Civic News
Environment / Federal government

Could a new leader save the Energy Efficient Buildings Hub?

The EEB Hub's current director, Paul Hallacher, is based at Penn State, the organization that runs the effort. The new director would be on-site at the Navy Yard, whose burgeoning green tech scene revolves around the EEB Hub's work.

At the EEB Hub's groundbreaking. Photo from the EEB Hub's Facebook.

Last month, the U.S. Senate Appropriations Committee proposed defunding the Energy Efficient Buildings (EEB) Hub, the five-year, $129 million research initiative dedicated to developing ways to make buildings more energy efficient, citing “poor management and failure to meet technical milestones.”

Those involved with the project hope a new leader, among other things, can save the EEB Hub, Axis Philly reported in a story that attempts to explain the Senate’s dissatisfaction with the initiative. The EEB Hub’s current director, Paul Hallacher, is based at Penn State, the organization that runs the effort. The new director would be on-site at the Navy Yard, where a burgeoning green tech scene revolves around the EEB Hub’s work.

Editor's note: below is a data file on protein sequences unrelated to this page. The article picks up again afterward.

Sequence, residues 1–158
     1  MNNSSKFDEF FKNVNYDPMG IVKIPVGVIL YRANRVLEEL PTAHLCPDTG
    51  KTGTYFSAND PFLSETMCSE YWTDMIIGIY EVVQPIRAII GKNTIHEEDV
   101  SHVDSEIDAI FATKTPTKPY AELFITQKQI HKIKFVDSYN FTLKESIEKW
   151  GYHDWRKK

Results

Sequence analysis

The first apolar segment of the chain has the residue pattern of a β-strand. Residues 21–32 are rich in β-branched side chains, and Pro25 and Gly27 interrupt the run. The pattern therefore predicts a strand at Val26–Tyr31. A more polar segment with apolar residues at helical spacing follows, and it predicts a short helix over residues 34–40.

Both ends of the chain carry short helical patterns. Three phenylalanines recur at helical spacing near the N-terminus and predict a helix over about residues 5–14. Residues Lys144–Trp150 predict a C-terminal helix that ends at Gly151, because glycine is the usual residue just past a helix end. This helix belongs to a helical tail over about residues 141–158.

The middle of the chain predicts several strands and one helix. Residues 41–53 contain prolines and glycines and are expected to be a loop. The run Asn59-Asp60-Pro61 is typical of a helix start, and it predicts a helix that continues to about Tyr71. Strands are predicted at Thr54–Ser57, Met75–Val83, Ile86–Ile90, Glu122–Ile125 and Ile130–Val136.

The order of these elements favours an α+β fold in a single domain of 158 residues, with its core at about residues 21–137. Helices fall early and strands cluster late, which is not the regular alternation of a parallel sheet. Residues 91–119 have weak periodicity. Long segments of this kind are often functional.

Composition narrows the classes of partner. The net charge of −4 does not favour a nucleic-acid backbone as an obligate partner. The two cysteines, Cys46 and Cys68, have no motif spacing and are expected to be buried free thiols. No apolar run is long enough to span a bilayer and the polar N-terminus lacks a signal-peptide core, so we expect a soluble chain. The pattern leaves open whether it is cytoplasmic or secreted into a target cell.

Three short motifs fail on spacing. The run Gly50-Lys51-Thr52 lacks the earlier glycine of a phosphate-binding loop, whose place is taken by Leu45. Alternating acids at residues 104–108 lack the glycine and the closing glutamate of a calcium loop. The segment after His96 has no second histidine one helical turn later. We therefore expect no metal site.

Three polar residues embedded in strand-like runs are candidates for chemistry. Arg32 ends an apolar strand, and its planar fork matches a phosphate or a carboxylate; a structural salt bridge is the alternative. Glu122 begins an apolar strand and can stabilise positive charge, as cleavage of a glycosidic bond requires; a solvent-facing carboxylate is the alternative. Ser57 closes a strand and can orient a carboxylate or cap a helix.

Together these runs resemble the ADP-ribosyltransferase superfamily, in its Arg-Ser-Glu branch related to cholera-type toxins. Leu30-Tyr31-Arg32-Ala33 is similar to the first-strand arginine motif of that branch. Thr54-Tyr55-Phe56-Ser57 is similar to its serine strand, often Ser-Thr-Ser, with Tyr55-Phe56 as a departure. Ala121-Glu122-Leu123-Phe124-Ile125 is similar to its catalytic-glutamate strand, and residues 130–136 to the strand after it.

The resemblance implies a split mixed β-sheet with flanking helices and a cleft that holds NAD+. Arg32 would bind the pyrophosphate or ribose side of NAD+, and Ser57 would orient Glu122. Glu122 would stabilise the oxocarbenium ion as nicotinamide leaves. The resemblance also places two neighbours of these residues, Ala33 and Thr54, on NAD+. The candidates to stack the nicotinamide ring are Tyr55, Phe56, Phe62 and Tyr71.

John Grady, chairman of the Philadelphia Industrial Development Corporation, is on the search committee for a new EEB Hub leader and believes it will bring the right change to initiative.

“[The Department of Energy] has been clear that they want to see changes in the way things are run, and Penn State and DOE both agree there needs to be more management of the work here on site,” Grady said to Axis Philly. “I can tell you that we are reviewing candidates now who are quality people, people who will want to really be in charge, and will need to be.”

Who could that leader be? Credit is often paid to Laurie Actman, the deputy director and chief Philly-based leader who joined in 2011.

Read the whole Axis Philly story here.

 

Companies: EEB Hub / Penn State / Philadelphia Industrial Development Corporation
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